"We've never seen an accident that isn't preventable," Homendy said. "I don't like the word accident, I hate to use it. Nothing is an accident."
Working on cleanup
Norfolk Southern CEO Alan Shaw told CNBC in an interview that aired Tuesday he believes it's safe for families to return to East Palestine. Officials reported air levels are safe and the town's water is free of harmful levels of contaminants.
"Our focus right now is on environmental remediation, cleaning up this site, continual air monitoring, water monitoring, financial assistance to the residents of this community, and investing in this community so that the community in East Palestine can thrive," Shaw said.
However, residents continue to express skepticism. Ohio opened a health clinic Tuesday to address growing reports on headaches, nausea and rashes in the community, and some residents have reported dead chickens and fish near the site. A number of residents who fled their homes have sued Norfolk Southern.
On Tuesday, the Environmental Protection Agency ordered Norfolk Southern to handle and pay for all cleanup efforts.
Shaw told CNBC that Norfolk Southern has reimbursed or committed $6.5 million to East Palestine and will continue to provide financial assistance to residents.
The town has become a political hotspot after former President Donald Trump, a Republican, paid a visit on Wednesday to meet with first-responders and local elected officials. Trump, who won Ohio in 2016 and 2020, suggested that the Biden administration had shown "indifference and betrayal" in responding to the crisis — in addition to promoting his name-brand water.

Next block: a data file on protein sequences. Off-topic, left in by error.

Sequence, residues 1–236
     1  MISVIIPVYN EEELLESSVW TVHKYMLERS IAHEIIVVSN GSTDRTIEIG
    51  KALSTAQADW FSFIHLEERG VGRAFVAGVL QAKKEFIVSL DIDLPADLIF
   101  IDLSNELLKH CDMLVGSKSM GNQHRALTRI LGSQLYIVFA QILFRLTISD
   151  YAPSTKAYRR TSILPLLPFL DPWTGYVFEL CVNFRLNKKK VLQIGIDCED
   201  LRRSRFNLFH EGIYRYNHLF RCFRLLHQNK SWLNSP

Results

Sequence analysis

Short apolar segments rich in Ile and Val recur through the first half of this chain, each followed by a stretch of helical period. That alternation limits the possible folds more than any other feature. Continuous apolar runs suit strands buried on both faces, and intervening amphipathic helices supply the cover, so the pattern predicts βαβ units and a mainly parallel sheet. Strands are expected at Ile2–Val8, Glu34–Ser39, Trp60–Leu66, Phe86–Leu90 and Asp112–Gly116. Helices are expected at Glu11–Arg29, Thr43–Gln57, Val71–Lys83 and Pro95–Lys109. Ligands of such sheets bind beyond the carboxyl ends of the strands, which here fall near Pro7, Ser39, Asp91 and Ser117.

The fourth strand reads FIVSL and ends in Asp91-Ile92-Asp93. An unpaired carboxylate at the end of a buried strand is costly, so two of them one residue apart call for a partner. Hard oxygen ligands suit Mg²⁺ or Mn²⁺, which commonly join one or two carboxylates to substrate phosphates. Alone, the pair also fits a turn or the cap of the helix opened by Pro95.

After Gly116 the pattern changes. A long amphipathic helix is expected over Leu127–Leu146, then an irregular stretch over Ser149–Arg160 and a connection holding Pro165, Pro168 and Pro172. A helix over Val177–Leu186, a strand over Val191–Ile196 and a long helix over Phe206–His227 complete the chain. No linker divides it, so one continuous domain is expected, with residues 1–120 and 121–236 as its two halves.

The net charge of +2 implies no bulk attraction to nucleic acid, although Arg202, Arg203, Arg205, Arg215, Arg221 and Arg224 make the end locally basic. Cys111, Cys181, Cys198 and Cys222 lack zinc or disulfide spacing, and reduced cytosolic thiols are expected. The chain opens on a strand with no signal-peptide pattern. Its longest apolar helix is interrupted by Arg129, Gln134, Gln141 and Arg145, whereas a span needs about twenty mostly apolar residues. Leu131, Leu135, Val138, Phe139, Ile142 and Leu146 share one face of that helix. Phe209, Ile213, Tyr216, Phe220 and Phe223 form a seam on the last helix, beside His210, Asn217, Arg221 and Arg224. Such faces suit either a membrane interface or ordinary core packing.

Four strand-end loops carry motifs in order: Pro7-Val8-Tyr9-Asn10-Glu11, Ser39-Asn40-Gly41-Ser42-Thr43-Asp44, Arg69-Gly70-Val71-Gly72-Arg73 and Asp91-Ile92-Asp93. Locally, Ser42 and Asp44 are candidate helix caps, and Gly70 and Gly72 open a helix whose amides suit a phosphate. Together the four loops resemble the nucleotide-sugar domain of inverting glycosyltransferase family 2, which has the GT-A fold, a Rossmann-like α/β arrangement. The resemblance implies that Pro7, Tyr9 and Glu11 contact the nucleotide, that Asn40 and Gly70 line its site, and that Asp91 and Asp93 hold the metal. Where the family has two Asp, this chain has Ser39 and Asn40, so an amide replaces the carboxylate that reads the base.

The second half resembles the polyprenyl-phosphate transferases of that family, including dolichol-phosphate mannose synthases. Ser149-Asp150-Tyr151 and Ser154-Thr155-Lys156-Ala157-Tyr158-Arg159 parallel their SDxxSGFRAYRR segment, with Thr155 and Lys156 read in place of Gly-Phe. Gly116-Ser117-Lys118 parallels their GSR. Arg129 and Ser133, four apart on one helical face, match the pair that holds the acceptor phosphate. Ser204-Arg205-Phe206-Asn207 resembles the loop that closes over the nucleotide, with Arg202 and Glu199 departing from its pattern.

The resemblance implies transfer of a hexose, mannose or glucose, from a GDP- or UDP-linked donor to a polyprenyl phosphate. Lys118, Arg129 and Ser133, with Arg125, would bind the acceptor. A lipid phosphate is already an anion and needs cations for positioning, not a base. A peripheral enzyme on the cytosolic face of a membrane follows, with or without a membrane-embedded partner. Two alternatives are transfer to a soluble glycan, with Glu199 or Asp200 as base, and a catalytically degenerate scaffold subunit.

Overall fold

Trump did not mention on Wednesday his administration in 2018 scrapped a 2015 Obama-era rule mandating advanced braking technology on trains transporting hazardous or flammable materials.
The Thursday report comes the same day that Transportation Secretary Pete Buttigieg visited the site. Buttigieg sent a letter Sunday to Norfolk Southern, warning that the company must "demonstrate unequivocal support for the people" of East Palestine.
Buttigieg has drawn criticism from Republican politicians for his response to the crisis. Sen. Marco Rubio, R-Fla., has called on Buttigieg to resign or be fired for "a gross level of incompetence and apathy." Buttigieg acknowledged in a CBS News interview Tuesday that he "could have spoken sooner about how strongly I felt about this incident."
In the press conference, Homendy said this investigation is "not about politics" and that the goal is to issue safety recommendations guided by facts.
"This is a community that has been devastated," she said. "They deserve to know what happened, how to prevent it from happening again. They deserve to have the right solutions."